At this point in our review, the best thing I can do is spoil the ending for you, because I am sure you would never guess what happens and I certainly do not want you to have to actually sit through this movie as I did.

Are you ready for it?

Here it is.

The Seeker fulfills his destiny.

The Dark is defeated.

Light rules.

Why anyone would bother to make this picture is beyond me? Why anyone would watch it is an even greater mystery. Why anyone would bother letting their kids read Susan Cooper’s books also mystifies me (at least if this picture is any indication of what they’re like). Then again, why anyone would let their kids read any of the crap out there that’s aimed at kids – especially that Rowling woman – is beyond me since there’s a wealth of great literature for children that already exists from the likes of Roald Dahl, James Fenimore Cooper, Robert Louis Stevenson, Alexander Dumas, Rudyard Kipling and many, many more.

I’d also like to know why the director of this film, one David. L. Cunningham, even bothers to live and breathe since his direction suggests otherwise.

A movie like The Seeker seems so abominable on every level, I’m ashamed to have even bothered writing this much about it, In fact, it’s so execrable that I am ashamed of forcing you to read what I have to say about it, so I think you should really just clean the palate of your eyeballs and mind (so to speak) and stop reading now.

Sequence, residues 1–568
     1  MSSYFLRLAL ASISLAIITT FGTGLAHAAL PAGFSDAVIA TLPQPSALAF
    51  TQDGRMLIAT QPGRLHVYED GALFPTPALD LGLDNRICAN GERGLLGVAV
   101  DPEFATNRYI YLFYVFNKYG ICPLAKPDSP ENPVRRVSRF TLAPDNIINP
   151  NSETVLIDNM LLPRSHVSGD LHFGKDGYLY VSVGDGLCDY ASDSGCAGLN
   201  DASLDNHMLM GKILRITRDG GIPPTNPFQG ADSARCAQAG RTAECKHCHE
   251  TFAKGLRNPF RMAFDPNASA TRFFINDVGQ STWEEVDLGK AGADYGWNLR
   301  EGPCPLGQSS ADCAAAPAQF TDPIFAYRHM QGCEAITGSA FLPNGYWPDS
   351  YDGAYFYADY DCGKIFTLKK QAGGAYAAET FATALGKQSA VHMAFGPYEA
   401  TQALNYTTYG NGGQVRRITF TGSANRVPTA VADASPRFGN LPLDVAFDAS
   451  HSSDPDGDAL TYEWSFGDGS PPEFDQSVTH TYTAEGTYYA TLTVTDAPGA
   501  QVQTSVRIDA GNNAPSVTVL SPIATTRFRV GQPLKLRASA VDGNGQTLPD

"The Seeker" is available on DVD from 20th Century Fox Home Entertainment


Anonymous said...

You have a very informative entertainment blog - so good I am saving money on not having to see the films because of your expertise in getting the plot across. By the way I love Dustin Hoffman.

Alan Bacchus said...

Thanks Jake. I love Dustin Hoffman too. Check out his hammy but wonderful performance Mr. Magorium!

Cathy Butler said...

Hmm. No disagreement here about *The Seeker*; but you should check out the book before condemning it, unless you want to be as slapdash a blogger as John Hodge has proved himself an adapter. The book is *nothing* like the film, which was a simple case of cynical butchery.

I'd go into details, but they're available all over the web. To use your own analogy, it's more as if they'd taken *War and Peace* and reshot it in the style of *Rambo* as a vehicle for Sylvester Stallone. They wouldn't do that to Tolstoy, of course, but children's books (even classic ones) are unfortunately seen as fair game.

(Not that it matters much, but the series began in the '60s not the '80s, and this is the second book, not the first.)

Anonymous said...

Thanks for the comments Charlie. The story felt very 80s to me, so I assumed (wrongly) that's where it came from. I really try not to read or know anything about a picture before I see it. Keeps things fresh. I even try to keep that down to a minimum until AFTER I review it. This is obviously easier with contemporary movies than classic ones. Interesting to hear that you say there's lots of info about how the book was "butchered" on the web. At some point I might just take a gander at one of the books in a bookstore to see if it's worth letting my kid read. Again, I'll make no bones about it. I have (as already stated in my review) a bias against contemporary kidlit and prefer to expose the nippers to the true classics before they're exposed to what passes for lit this days. I find it helps the kids develop good taste.